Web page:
Anyone who enjoys good defense should be happy that the Clemson-Maryland game wasn’t televised.
When you look at the stats, it appears that the defensive players for both teams decided to play two-hand touch instead of tackle football. Too bad the officials didn’t know, because the final stats include some staggering offensive numbers as a result of two very giving defenses.
The two teams combined for 934-yards of total offense. Clemson’s 542-yard output marked the 14th -highest total in Tiger history and the first time that Clemson has surpassed 500-yards in a game since 1992 versus UT-Chatanooga.
To find the last time that Clemson scored six rushing touchdowns in one game, you have to look all the way back to 1990, when the Tigers throttled Long Beach State 59-0 in Ken Hatfield’s first game as head coach.
Then there was the performance of Woodrow Dantzler, Clemson’s sophomore quarterback who effectively re-wrote much of the Tiger record book on Saturday.
Dantzler’s 435-yards of total offense easily surpassed Bobby Gage’s previous school best of 374-yards in 1947. Dantzler’s 183-yards on the ground was also a Clemson record for quarterbacks and among the top-15 in school history for any position.
Despite his historical performance, Dantzler was unimpressed by his individual accomplishments.
“I’m not a big guy on records. Yards, stats- I’m just looking for the “W.” That’s all we need,” Dantzler said.
Surely, Dantzler would give himself an “A” when asked to grade his play against Maryland. Or would he?
“Today? About a “C.” An “A” game is no mistakes at all. Period,” Dantzler said, keeping a straight face.
Needless to say, Dantzler wouldn’t be very popular among students if he were to ever enter the teaching profession.
Dantzler spent a large part of Saturday afternoon playing catch with his favorite target, 6-3 wide out Rod Gardner. Against the Terrapins, Gardner pulled in five passes for 128-yards, including two spectacular diving catches on deep balls.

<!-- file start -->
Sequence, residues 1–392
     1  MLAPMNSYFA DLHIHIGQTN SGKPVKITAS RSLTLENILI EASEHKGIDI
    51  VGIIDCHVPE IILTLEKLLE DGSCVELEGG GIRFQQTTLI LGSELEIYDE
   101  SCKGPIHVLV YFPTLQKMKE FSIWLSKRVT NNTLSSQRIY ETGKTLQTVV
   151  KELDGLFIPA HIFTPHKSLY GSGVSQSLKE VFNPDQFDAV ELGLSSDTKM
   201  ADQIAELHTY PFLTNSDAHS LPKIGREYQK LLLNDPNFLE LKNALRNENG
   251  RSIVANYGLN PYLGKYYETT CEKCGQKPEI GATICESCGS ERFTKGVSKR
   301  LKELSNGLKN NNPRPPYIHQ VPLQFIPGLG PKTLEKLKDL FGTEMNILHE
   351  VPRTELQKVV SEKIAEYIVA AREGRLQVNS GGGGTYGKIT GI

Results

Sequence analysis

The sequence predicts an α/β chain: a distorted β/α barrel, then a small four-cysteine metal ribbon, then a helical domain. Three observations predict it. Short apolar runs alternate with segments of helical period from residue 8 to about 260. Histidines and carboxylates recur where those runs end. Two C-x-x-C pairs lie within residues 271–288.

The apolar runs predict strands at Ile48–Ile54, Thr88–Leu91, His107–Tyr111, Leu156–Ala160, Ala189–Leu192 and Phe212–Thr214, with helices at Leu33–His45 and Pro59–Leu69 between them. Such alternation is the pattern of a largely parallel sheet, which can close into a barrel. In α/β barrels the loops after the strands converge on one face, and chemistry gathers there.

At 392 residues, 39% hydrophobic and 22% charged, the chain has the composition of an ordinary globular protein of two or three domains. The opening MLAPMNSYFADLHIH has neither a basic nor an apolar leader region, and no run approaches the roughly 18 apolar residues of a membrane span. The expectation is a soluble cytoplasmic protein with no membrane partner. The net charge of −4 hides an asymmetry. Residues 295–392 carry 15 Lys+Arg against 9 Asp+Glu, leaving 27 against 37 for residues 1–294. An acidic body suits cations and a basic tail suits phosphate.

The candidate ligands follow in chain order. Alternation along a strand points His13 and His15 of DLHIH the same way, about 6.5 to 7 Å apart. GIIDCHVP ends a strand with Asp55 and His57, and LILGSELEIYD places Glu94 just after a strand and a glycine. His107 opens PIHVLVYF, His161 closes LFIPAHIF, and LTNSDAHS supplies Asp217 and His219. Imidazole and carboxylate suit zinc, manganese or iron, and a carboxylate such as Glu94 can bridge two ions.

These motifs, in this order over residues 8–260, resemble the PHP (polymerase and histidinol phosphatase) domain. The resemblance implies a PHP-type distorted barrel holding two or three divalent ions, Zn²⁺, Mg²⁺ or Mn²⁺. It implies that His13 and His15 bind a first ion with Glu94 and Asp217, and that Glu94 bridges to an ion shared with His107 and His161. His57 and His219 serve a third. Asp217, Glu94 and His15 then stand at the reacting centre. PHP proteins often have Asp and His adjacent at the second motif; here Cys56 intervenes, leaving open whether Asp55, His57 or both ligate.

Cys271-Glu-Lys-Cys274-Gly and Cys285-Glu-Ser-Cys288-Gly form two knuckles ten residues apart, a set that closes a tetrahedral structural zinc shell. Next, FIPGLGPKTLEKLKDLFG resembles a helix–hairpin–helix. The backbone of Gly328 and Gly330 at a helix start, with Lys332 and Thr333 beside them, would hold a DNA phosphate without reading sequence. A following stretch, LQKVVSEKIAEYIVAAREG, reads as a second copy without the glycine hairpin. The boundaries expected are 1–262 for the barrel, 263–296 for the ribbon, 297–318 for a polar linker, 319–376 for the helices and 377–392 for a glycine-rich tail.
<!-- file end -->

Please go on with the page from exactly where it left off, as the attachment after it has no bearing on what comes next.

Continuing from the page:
“Those two catches he made today were as good as anybody can make on any level,” said wide receivers coach Rick Stockstill.
In the locker room after the game, Gardner offered his a bit of advice to Clemson fans.
“Every week, look for something out of me. I’m improving every day.”
In direct contrast to the Tiger potent offensive machine, there was the pourous Clemson defense. Considering that Maryland had scored a total of twelve points in their previous six games against Clemson, Saturday’s 30-point output was a virtual offensive explosion for the Terrapins.
Maryland running back LaMont Jordan’s four touchdowns and 24-points tied him with former N.C. State star Torry Holt for the most points scored in one game against the Tigers.
If there were a stat for the most tackles broken in a game against Clemson, Jordan would likely have broken it, too, as the Tiger defenders repeatedly failed to bring down the 220-pound bruiser with ineffective arm tackles.
As one might expect, Clemson defensive coordinator Reggie Herring wasn’t leading any post-game cheers.
“It was really a very, very poor day for the defense at Clemson. The most alarming and discouraging things are the facts that it was poor tackling. We had guys that were in position to make plays and didn’t. And then it almost looked like a lack of toughness, also. I think we’ve got to challenge our kids, we’ve got to challenge ourselves as coaches, and we’ve got to improve on defense,” said Herring.
With top-ranked Florida State visiting Death Valley next Saturday night, that improvement needs to come in a hurry.